Jun 26, 1999
RAY: Hi, we're back, and you're listening to Car Talk with us, Click and Clack, the Tappet Brothers, and we're here to discuss cars, car repair and the new Puzzler. This is another of the very famous "matchstick" puzzles.
TOM: Ah, in a long series, the "matchstick puzzle" series.
RAY: Very long series. Most of the kids are out of school or close to being out of school. I thought that before their minds get too dull, this would be a good little puzzle to just keep them going a little longer, maybe.
TOM: So is that a hint, kids?
RAY: Everything is a hint.
TOM: Everything is a hint. From the time you say the word "Puzzler," and maybe even prior to that, every word is a hint.
RAY: All right, get a bunch of matches, matchsticks--wooden matches preferably.
TOM: Or toothpicks.
RAY: Or toothpicks.
TOM: You don't want kids playing with matches.
RAY: Matches. We don't need no stinking matches!
TOM: I've seen it coming a mile.
RAY: Get a bunch of toothpicks and make the following equation with Roman numerals: XI, that's 11, with matchsticks or toothpicks, plus I, then an equals sign (=) X. So you have XI plus I...
TOM: Eleven plus one.
RAY: Eleven plus one equals ten.
TOM: That's not right.
RAY: That's not right and the question very simply is: What is the fewest number of matches you can move to get an equation that is correct? You can't throw away any matches.
TOM: You gotta move one or two, three.
RAY: I asked what's the fewest number.
TOM: Fewest number.
RAY: Fewest number you can move. I want to give a hint.
TOM: Wait a minute, I have a question. Can you use the plus sign or the equals sign as well?
RAY: Well, for example, you can take the vertical piece of the plus sign and take it away so you would have 11 minus 1 equals 10, but what would you do with the thing you took away? Stick it in your ear? You've got to use them all.
TOM: Oh, I would put it on top of the equals sign.
RAY: Oh, that's bogus. That's absolutely bogus.
TOM: Then it would be 11 minus 1 absolutely equals 10.
RAY: I will give you the hint.
TOM: So you could do that. You can move those things around as long as you don't lose any.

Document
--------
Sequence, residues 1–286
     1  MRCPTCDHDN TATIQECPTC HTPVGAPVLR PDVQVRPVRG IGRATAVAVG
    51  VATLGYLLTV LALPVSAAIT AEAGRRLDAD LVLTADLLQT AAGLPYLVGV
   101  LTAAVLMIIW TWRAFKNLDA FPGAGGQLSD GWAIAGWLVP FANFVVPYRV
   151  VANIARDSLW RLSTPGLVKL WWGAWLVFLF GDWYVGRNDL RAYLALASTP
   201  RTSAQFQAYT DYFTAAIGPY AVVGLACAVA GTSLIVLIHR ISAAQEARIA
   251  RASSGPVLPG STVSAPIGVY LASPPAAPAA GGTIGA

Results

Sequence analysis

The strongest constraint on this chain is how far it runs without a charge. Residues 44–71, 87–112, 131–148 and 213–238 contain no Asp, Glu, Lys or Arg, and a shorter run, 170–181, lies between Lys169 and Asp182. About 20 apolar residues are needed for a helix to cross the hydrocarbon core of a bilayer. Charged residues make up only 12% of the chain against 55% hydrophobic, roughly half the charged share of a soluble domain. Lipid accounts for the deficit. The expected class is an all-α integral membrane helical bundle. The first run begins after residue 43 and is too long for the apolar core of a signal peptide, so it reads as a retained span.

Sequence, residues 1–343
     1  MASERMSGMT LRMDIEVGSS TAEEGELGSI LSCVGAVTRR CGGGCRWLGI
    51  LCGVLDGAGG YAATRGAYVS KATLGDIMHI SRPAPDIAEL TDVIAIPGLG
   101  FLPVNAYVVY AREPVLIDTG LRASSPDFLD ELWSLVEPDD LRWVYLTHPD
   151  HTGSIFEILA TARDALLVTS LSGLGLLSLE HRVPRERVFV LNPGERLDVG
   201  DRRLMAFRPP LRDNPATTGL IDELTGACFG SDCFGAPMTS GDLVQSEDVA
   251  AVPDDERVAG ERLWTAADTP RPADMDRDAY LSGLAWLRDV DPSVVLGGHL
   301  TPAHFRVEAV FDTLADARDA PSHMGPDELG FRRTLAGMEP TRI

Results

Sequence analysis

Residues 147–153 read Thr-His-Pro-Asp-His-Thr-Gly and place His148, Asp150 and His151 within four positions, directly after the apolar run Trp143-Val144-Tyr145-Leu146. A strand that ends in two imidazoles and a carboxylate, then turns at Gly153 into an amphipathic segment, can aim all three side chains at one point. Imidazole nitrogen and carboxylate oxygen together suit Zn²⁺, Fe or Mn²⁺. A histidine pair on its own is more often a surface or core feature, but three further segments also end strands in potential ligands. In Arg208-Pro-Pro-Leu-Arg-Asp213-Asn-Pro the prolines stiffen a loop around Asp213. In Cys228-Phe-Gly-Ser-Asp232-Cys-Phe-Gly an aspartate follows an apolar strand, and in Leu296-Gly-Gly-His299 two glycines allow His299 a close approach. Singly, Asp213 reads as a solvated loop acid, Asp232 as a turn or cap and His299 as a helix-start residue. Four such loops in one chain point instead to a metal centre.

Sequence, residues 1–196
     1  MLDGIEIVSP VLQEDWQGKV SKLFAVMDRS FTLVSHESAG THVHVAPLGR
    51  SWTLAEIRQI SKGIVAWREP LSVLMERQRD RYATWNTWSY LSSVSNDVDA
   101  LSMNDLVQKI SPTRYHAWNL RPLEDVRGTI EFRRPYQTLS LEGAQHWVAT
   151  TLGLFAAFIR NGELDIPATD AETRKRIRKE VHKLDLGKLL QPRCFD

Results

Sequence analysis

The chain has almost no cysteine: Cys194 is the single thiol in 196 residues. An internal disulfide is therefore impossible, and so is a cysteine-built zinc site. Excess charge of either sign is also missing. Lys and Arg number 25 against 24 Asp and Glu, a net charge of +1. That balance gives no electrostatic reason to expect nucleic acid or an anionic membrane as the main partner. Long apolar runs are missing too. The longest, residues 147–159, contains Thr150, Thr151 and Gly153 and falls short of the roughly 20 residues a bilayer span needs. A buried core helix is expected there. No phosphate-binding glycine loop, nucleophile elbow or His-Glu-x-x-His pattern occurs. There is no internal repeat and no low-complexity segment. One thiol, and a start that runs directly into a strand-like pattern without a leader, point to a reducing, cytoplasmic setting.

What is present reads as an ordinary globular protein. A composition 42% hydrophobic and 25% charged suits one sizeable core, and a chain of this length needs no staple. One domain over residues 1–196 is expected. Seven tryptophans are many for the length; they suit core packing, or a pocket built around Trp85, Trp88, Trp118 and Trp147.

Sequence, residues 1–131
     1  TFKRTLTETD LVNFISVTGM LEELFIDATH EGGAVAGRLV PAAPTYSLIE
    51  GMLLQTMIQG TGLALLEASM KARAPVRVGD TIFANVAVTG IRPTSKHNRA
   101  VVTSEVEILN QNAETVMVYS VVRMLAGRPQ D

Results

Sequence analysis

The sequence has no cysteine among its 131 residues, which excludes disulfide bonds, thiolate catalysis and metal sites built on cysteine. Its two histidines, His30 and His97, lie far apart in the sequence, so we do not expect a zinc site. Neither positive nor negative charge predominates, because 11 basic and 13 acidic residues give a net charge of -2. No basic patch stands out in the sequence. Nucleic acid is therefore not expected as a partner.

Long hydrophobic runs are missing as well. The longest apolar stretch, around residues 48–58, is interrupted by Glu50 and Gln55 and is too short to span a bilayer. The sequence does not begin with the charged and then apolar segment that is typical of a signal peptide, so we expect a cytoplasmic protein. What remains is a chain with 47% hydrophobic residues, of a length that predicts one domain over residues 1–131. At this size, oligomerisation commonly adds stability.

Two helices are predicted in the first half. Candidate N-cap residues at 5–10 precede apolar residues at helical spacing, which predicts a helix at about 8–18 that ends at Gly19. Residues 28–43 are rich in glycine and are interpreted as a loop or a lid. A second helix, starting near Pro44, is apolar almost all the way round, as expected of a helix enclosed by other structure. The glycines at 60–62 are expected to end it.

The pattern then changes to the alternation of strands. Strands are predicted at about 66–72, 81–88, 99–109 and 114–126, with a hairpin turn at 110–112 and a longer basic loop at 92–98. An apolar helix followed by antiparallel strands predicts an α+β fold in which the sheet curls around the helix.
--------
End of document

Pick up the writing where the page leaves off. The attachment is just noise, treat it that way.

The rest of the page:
RAY: I presented this to my son the other day, my younger son, and he looked at it for a minute. We had it set up on the kitchen table.
TOM: With matches or toothpicks?
TOM: Cubans?RAY: Yeah, he leaves the room, and as soon as he re-enters, he has the answer.
TOM: But the basic question was, how...what is the least number of matches you can? Is that the question?
RAY: Yes, the smallest number of matches.
TOM: Yeah, yeah.
RAY: OK. And the hint that I gave is that when I presented this to my younger son, Andrew, the other day, he got the answer after he had left the room and returned.
TOM: That's brilliant. I thought that was brilliant.
RAY: A brilliant, brilliant hint.
TOM: A brilliant hint. That's what I'm saying. I thought that was a brilliant hint--after I knew the answer, of course.
RAY: As he stood there at my side and looked at the equation, he said, "Gee, I don't know, Dad." He said, "I can certainly move a match and make the thing correct," he said. And I told him, "Well, you don't have to move any matches." Wow. And he walked out of the room bewildered, and when he came back...
TOM: Was he just bewildered or was he going, "Stupid jerk." He mumbled.
RAY: But when he came back he had the answer, because if you walk around to the other side of the table and look at the equation...
TOM: You see it upside down.
RAY: You see it as X equals I plus IX.
RAY: And you have to move no matches to make the equation correct. Who's our winner this week, Tommy?
TOM: Wow. How would I know, I've been so spellbound here I haven't even looked. Here it is. The winner is Jim Shaughnessy from Troy, New York.